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  • Nathan Goldstein 1927-2013

    10am22 Nathan Goldstein, 1927 2013



    From 1999-2000 I studied at the Art Institute of Boston (now part of Lesley University).  I remember at the time there was great fervor for Nathan Goldstein’s classes, as he’d just taken a year sabbatical, he wrote many popular books on drawing, and there was a solo show of his hanging in the school’s gallery.   The gallery was filled with his oils and a vetrine full of his sketchbooks.  Here are a few of those paintings that I could find online.


    10am24 Nathan Goldstein, 1927 2013


    I took some of my first organized life drawing classes with Nathan while I was at the school.  He sort of seemed like a Jedi Master to the students- he drew deftly and quickly, often drawing his demonstrations from memory.  During a demo, when he asked the students to suggest a position for him to draw the figure, one of the students snarkily suggested “falling from a building” he obliged, and after drawing the skeleton and figure, drew drapery studies on the figure, complete with rippling wind effect.  He had a good sense of humor.


    ng paintings 08 Nathan Goldstein, 1927 2013


    I only took a couple classes with Nathan, though he was present for many critiques, and to be honest I sort of hounded after him.  As I said, people sought him out, the elder statesman at AiB, for his advice and experience.  ”Use a bigger brush and call me in the morning” was a story he recounted about how he dealt with a frustrated student calling him for advice at night.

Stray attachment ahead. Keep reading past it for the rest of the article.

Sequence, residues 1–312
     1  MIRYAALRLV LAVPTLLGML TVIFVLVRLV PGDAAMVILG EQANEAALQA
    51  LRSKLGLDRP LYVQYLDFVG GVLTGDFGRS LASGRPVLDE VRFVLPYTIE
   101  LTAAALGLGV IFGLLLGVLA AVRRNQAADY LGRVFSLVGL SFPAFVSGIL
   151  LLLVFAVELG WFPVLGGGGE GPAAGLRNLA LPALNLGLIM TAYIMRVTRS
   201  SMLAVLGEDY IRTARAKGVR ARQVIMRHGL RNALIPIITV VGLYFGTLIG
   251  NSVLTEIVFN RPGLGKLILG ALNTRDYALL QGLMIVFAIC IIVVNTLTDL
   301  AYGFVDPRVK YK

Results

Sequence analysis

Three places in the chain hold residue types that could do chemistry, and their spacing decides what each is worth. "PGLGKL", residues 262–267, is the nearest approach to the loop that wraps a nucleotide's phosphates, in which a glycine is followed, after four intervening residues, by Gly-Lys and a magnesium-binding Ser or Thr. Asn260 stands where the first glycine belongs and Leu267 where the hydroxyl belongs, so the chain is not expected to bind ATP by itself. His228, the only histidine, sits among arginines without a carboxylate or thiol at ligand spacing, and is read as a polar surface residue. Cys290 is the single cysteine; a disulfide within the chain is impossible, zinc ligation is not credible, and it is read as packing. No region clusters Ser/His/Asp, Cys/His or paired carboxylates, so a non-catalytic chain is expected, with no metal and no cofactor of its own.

ng drawings 07 Nathan Goldstein, 1927 2013


    Although our contact was brief, in retrospect, I owe a lot to Nathan.  He was the first teacher to tell me that the bones of any good painting is good drawing, and that learning to draw has very little with pencil and paper.  It’s about learning to see.


    ng paintings 01 Nathan Goldstein, 1927 2013



    There will be a memorial for Nathan at the Danforth Museum in Framingham on September 28th.


  • Americans in Florence

    Back in June I was lucky enough to catch the Americans in Florence exhibit at the Palazzo Strozzi.  The Strozzi has put on a number of interesting exhibitions in the past few years, still tied to Florence’s history, but with a bit of their own perspective.

    This year marks 500 years since the death of Amerigo Vespucci, so it follows that they wanted to honor the connection between Italy and America… and in the Strozzi’s way of doing things, to put forth that not only have Americans been influenced by Italy, but Italy influenced by Americans.

    The folks at the Strozzi were kind enough to give us a tour and made a short video about our visit:



    As you can tell from Tony’s reaction it was a very strong show- I didn’t have time to grab a catalogue, but very much worth seeing, a nice mix of American Impressionism and Macchiaoli painters.


  • Coming Home

    What a whirlwind trip to Florence.  To see the city we lived in, to absorb the sounds and light, visit some of my favorite restaurants and spend time with some of my favorite people.  It was great to be back in town, to just concentrate on painting outdoors.

     Coming Home

    Ponte Vecchio, Backlit 30x40cm

    I lived in Florence for more than a decade, yet somehow I never got around to painting some of the hallmarks of the city.  I guess it just felt too touristy at the time.  As soon as I settled in Boston I realized there were a few views of Florence I had always wanted to paint, but never did.

     Coming Home

    Morning, Ponte Vecchio 25×35

     Coming Home